On the basis of this research, it is evident there is a need for guidelines for developing, implementing and evaluating the impact of skills recognition systems. These should focus on providing guidance and assistance in five most key areas:

  • Needs analysis;
  • Stakeholders and the environment;
  • Quality and accessibility;
  • Reaching out; and
  • Monitoring and evaluation.



There is a need for greater capacity building and technical assistance to integrate these guidelines into existing national skills development systems and employment policy design, in order to improve the efficiency and outcomes of existing recognition systems.
Lack of proper monitoring and outcomes measurement is one of key issues that prevents both stakeholders and the users from understanding the value inherent in skills recognition, thus limiting its impact. Examples of existing monitoring and impact measurement tools are convincing in terms of the evidence they provide; but most of these are the result of a one-time impact assessment, conducted on a limited scale. In order to gain trust in skills recognition outcomes, as well as a sufficient knowledge base to enable recognition authorities to adjust provisions, regular monitoring and impact measurement are essential components of the system.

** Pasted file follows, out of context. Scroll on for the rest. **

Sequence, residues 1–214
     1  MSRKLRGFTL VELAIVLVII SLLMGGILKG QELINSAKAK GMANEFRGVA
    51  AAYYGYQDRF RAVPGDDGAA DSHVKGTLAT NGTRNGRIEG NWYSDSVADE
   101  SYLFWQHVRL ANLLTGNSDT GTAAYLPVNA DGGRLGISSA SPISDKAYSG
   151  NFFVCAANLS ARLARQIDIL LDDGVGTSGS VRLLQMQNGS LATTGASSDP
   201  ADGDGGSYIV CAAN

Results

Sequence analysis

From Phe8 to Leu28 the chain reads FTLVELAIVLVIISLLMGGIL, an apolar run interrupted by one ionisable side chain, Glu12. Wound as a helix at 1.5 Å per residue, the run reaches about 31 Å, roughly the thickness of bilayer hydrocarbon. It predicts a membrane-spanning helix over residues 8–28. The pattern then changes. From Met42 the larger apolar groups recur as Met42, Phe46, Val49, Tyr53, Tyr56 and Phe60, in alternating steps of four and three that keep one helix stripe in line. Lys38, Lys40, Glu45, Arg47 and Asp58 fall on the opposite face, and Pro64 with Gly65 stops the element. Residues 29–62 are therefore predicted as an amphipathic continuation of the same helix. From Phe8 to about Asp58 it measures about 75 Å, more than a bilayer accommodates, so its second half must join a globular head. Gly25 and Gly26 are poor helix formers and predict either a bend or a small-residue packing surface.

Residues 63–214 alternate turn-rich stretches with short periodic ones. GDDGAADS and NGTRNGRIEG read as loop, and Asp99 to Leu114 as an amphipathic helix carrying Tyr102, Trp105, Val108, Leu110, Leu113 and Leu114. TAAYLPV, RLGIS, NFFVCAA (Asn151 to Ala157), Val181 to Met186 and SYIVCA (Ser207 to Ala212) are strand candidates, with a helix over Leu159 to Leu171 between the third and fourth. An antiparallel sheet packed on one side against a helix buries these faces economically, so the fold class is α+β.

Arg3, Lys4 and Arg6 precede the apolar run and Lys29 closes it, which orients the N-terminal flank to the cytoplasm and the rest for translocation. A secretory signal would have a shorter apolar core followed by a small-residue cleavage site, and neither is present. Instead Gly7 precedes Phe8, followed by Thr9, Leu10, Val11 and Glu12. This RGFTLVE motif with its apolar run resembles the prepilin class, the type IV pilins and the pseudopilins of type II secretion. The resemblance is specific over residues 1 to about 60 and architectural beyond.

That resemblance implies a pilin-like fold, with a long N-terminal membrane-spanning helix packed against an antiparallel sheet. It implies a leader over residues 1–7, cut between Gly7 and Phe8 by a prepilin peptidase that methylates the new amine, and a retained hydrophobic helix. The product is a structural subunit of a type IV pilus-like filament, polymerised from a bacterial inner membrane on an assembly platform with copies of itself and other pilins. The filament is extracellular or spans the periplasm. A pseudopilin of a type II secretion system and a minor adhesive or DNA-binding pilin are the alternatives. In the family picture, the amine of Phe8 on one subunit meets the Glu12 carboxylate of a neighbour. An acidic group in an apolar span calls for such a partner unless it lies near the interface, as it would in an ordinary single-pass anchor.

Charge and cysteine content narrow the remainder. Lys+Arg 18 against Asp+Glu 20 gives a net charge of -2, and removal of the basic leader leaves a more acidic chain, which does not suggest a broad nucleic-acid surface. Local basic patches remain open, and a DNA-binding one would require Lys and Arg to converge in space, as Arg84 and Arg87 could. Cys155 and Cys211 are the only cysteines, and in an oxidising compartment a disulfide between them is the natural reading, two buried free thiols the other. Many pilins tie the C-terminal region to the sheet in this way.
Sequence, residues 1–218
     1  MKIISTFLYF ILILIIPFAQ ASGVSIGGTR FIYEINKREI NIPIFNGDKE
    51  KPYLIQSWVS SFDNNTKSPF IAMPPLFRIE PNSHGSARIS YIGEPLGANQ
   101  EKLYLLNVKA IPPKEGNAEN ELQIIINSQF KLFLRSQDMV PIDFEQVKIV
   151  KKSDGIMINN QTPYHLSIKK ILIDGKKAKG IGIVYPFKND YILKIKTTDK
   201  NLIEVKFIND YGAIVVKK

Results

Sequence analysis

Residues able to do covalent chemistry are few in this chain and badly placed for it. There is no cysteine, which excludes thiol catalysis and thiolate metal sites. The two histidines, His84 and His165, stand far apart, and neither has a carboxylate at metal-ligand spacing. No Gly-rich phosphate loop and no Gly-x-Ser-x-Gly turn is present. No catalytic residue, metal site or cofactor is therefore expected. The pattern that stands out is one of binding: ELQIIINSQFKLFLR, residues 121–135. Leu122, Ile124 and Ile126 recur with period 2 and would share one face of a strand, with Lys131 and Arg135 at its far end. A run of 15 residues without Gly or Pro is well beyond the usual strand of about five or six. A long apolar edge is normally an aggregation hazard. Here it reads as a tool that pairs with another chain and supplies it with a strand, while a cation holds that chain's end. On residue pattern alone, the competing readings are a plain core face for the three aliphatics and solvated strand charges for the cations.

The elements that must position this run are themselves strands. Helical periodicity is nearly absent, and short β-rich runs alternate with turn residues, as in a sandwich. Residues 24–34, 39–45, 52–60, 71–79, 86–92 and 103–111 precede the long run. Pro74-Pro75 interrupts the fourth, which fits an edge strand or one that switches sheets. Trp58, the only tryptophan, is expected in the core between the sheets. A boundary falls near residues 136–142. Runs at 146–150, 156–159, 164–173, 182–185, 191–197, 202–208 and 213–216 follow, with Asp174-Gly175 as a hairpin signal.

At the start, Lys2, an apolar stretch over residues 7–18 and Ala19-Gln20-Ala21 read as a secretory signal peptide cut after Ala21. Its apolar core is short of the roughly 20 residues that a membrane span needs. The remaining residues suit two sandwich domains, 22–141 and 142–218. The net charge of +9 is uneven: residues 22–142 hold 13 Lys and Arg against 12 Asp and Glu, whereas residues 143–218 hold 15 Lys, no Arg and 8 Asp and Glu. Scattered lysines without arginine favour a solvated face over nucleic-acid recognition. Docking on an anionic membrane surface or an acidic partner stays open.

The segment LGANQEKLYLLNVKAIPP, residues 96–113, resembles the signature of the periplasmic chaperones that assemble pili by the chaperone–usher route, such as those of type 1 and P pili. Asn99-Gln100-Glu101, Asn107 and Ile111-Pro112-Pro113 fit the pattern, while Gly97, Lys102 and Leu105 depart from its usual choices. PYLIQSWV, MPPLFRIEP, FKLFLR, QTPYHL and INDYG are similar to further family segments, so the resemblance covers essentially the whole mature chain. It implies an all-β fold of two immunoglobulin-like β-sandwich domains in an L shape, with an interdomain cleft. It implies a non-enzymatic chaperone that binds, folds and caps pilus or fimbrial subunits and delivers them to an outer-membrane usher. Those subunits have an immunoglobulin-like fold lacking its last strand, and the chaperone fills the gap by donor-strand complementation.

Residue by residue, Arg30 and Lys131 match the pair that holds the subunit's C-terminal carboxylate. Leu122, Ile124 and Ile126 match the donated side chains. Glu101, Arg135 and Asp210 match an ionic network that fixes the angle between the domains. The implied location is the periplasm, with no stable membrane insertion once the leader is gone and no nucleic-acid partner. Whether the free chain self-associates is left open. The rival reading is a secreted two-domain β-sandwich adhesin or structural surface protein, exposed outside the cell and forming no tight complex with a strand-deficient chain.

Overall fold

Many skills recognition systems are stand-alone, focusing on a narrow area – such as one sector or a few occupations. Others are extensive, closely linked to nationwide measures; NQFs are a case in point. There is a tendency towards unification and the creation of a “system-of-systems”, for which the NQF (or its national equivalent) seems to provide the soundest structure.

Skills recognition systems and qualifications frameworks may help to strengthen each other and achieve a strong impact; however, the skills recognition system may work well without any linkage to the NQF. The benefits and drawbacks of consolidating skills recognition approaches must be carefully assessed. It is not necessarily the best solution for every system.

Skills recognition has a great – and mainly untapped – potential at the national or sectoral level. Its potential at the international level is also considerable, and this has been drawn upon even less. Skills recognition can play a significant role in fostering labour market mobility and improving the working and living conditions for migrant workers. Collaboration with regional economic communities to enhance the portability of skills at a broader geographical level, and improved migration governance, are key objectives. The ILO should strive to achieve these objectives, and its projects should address this priority more.

Chosen excerpts by Job Market Monitor. Read the whole story at  Understanding the potential impact of skills recognition systems on labour markets: research report